Most important, however, the government would pay for these troubled assets not by printing new cash, as under most current bad-bank proposals, but by taking on an equal dollar amount worth of each bank’s “liabilities” — that is, notes, bonds and other obligations that the bank owes to other lenders or investors.
The government, not the banks, would choose which liabilities it would take responsibility for. Presumably, federal officials would assume notes and bonds with maturities roughly in line with the real durations of the troubled assets they are taking off the banks’ hands, mainly 3 years to 10 years. This would allow the government to pay down these liabilities through the cash flow that will be generated from the troubled assets themselves. The bad banks would have a proper match between assets and liabilities, a critical ingredient for managing any investment pool.
The bad banks would then be able to work out their troubled assets over time rather than sell them in a fire sale — similar to the successful solution imposed on the savings and loans that were taken into the Resolution Trust Corporation in the 1990s. The government could hire professional money managers, working under an incentive-heavy compensation plan, to oversee the liquidation. (Disclosure: firms like mine might be potential candidates for such a job.) This would be far wiser than leaving it to government bureaucrats, who might simply seek to sell as many assets as quickly as possible and close the files.
The benefit to the good banks would be substantial: they would retain strong asset bases, they would no longer be burdened by toxic securities, and because they would be able to trust their fellow-banks’ balance sheets, they could safely extend credit to one another and to American businesses and households. With their equity capital remaining intact, they would easily meet domestic and international capital requirements.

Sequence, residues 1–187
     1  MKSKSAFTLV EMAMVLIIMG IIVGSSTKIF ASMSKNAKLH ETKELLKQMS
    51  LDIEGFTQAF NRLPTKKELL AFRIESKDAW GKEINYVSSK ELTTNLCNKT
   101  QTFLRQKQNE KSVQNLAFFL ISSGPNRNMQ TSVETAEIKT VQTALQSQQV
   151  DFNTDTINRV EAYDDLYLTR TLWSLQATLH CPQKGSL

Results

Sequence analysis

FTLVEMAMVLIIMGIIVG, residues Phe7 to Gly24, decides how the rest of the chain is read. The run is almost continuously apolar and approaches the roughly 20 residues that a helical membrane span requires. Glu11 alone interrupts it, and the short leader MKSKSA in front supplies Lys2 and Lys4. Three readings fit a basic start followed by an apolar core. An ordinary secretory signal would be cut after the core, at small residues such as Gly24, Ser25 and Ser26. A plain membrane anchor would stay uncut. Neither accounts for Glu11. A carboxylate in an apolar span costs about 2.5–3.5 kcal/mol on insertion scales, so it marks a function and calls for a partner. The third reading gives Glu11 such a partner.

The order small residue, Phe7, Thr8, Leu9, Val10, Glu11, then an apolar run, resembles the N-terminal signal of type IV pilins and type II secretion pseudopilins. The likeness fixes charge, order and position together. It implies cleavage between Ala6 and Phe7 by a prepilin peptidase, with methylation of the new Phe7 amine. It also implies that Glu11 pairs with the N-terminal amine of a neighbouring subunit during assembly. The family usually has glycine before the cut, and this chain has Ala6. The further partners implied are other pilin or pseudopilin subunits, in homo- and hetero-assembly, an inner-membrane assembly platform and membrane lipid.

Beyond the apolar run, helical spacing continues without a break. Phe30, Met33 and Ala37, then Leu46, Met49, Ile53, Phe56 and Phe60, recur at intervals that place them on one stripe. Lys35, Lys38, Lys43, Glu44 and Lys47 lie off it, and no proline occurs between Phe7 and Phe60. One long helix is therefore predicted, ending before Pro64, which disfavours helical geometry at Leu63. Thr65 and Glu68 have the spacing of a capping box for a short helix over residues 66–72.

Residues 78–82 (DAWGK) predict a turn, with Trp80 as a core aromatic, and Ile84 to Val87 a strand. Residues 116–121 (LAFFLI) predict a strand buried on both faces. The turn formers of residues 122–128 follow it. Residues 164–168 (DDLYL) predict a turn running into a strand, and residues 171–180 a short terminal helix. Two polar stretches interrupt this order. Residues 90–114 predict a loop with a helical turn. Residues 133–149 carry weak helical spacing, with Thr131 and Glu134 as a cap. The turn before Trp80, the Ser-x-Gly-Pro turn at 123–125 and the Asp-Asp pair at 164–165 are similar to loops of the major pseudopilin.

The economy would benefit because the credit squeeze could finally end, as the good-bank employees could concentrate on lending rather than simply surviving. And because no new money would be printed, inflation would be much less of a concern.
Insurance companies, smaller banks, money-market funds and other institutions that are the primary holders of these banks’ intermediate-term liabilities would also receive an enormous benefit: in place of “weak” debt they now hold from troubled banks, they would have securities guaranteed by the Treasury.
There are two other issues. First, for the four major banks, the good bank/bad bank transactions should be mandatory; the industry will stabilize only if the four work in tandem. Second, the government should hedge its bets by getting stock warrants — a certificate giving the holder the right to purchase stock in the future at a guaranteed price — equal to a significant percentage of each good bank’s common equity (although certainly not a majority share).
After all, assuming the good bank/bad bank asset transfers were successful, the stock prices of the good banks are likely to soar, as they will be the four best capitalized and cleanest banks in the world. The government, in turn, could sell the warrants to private parties, another bonus for taxpayers. And as those private investors exercised the warrants, they would infuse even more common equity capital into the banks, which is of course what they really need.
With a clean balance sheet and the best capital ratios in the world, the resulting good banks – still under majority private ownership – could get back to doing what our economy most desperately needs from them: start making new loans.
Originally published at NYU Stern on Finance and reproduced here with the author’s permission.